That Sproles play, a 21-yard gain, was called back because of a penalty on rookie guard Isaac Seumalo.

But Matthews is passionate when he talks about how Agholor’s lack of production as a rookie doesn’t mean anything moving forward.

“I don’t know if y’all know this, but I love Jordy Nelson (Packers Pro Bowl receiver),” Matthews said. “I love him. One of my favorite receivers. Jordy Nelson didn’t have 1,000 yards till Year 4.

“Let’s put it in perspective. Guys get better. And I feel like that’s what I want to see from my group. Are guys getting better?

“There’s two things that I really look for from my group — attitude and effort. And do Nelson and Chris and Josh and those guys bring great attitude and effort?

“Yes. That’s what I want to see, and I feel that’s what we’ve shown.”

Soul's Clint Dolezel shares Coach of the Year award with Rattlers' Kevin Guy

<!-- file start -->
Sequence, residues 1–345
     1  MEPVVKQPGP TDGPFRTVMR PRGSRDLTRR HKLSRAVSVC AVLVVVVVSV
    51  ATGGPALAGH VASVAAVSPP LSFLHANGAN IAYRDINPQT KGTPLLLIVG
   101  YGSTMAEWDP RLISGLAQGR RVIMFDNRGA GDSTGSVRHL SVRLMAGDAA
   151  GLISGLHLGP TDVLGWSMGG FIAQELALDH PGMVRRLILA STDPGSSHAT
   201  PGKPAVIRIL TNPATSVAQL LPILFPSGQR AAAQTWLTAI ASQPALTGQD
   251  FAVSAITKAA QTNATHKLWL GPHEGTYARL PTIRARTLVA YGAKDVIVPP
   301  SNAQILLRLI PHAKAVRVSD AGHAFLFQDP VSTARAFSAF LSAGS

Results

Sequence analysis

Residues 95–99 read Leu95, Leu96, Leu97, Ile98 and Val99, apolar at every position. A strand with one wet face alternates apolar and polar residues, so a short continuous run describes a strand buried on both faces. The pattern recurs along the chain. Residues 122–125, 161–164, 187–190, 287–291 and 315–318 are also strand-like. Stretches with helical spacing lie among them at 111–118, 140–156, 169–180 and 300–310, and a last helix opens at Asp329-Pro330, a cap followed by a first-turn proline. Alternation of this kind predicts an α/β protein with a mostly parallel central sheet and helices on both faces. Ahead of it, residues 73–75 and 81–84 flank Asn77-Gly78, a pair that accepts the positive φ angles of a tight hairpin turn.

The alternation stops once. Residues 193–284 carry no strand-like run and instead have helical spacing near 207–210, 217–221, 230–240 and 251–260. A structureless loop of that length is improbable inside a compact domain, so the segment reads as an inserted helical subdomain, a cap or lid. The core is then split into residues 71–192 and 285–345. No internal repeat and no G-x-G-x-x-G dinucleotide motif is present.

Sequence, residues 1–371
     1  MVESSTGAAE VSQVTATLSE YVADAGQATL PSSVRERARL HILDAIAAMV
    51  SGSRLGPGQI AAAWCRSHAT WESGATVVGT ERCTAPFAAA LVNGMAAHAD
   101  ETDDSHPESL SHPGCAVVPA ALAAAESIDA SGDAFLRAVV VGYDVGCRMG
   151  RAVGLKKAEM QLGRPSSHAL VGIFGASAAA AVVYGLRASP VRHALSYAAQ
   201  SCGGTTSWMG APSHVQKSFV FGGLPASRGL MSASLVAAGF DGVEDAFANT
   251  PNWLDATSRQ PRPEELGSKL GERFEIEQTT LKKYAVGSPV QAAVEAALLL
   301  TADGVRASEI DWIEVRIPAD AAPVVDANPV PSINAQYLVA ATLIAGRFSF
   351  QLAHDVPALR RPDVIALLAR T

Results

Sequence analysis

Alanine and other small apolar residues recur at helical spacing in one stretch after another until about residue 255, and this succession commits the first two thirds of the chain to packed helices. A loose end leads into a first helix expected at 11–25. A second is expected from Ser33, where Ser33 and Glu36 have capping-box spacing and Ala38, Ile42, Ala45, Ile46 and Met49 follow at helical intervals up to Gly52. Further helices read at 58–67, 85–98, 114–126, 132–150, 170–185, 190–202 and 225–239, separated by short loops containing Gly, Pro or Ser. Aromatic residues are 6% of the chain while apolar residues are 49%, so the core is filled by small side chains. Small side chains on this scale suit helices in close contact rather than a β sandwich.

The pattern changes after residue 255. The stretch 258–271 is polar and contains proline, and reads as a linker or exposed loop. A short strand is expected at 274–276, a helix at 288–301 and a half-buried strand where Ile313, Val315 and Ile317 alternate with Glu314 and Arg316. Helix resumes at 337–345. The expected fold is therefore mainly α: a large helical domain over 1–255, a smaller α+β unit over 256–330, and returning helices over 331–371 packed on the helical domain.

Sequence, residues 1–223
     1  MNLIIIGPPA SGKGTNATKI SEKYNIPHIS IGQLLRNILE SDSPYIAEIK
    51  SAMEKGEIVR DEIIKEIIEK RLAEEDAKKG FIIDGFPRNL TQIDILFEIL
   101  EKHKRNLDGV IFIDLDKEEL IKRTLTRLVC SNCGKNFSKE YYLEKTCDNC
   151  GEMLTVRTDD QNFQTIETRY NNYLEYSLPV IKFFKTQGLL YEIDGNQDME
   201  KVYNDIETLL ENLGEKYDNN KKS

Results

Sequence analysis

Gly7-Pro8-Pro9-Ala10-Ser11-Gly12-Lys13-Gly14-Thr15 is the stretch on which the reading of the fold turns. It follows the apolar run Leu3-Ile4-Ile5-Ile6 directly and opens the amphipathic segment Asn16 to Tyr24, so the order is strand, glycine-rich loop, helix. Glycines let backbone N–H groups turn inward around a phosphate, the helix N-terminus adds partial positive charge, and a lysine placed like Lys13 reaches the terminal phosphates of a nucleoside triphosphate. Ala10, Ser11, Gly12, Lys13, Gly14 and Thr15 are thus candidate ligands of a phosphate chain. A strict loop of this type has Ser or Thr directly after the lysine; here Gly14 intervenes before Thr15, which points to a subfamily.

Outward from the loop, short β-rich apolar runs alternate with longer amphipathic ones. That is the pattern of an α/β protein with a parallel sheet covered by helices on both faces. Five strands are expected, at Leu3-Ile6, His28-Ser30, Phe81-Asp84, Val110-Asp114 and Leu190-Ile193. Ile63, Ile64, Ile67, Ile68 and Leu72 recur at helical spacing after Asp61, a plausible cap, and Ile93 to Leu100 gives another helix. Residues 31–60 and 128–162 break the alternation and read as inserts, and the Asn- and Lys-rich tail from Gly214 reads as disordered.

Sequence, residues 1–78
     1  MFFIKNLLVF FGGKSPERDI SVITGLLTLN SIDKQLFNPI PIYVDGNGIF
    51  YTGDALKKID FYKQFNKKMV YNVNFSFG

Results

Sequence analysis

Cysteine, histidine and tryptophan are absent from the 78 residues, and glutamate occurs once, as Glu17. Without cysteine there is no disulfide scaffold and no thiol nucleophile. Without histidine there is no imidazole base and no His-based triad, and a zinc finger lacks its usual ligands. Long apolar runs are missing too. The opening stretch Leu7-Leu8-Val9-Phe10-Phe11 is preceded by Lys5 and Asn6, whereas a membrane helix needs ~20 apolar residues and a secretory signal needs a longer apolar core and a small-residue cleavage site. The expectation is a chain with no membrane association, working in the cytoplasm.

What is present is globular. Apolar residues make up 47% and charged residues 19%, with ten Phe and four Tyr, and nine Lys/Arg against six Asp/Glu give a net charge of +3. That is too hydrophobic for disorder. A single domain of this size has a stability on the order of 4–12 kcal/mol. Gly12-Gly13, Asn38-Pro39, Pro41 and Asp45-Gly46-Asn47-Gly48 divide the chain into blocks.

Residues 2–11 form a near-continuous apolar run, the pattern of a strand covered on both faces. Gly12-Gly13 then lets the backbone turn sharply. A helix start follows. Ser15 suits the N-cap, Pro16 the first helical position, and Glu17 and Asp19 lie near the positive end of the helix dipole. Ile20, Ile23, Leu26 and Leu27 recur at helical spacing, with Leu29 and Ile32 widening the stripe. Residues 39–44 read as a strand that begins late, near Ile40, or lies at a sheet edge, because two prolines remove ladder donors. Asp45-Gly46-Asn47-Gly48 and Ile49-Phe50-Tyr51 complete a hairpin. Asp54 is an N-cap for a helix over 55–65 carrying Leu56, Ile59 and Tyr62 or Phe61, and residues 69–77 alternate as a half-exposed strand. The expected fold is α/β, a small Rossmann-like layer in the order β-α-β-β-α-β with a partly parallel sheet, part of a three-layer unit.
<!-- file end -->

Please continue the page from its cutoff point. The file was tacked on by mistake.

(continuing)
Soul's Clint Dolezel shares Coach of the Year award with Rattlers' Kevin Guy

For the third time in five seasons, the Soul and Arizona Rattlers will compete in the ArenaBowl. Prior to Friday night's 7 p.m. matchup, the leaders of both squads, Soul coach Clint Dolezel and Rattlers coach Kevin Guy, were each named Marcum Moss Coach of the Year.

Dolezel and Guy will share the award but not the ArenaBowl trophy, which the Soul haven't won since their lone triumph in 2008 over the San Jose Sabercats. Dolezel, who has been at the helm since August 2012, led the Soul to the ArenaBowl in 2012 and 2013 but lost to the Rattlers on both occasions.

This season, Dolezel, who spent over a decade as a quarterback in the AFL, coached the Soul to a 13-3 regular-season record. The team advanced to the ArenaBowl with a dramatic win in the American Conference championship game over the Jacksonville Sharks.

Dolezel also earned the Coach of the Year award last season for guiding the Soul to a 15-3 overall mark and a conference championship game appearance.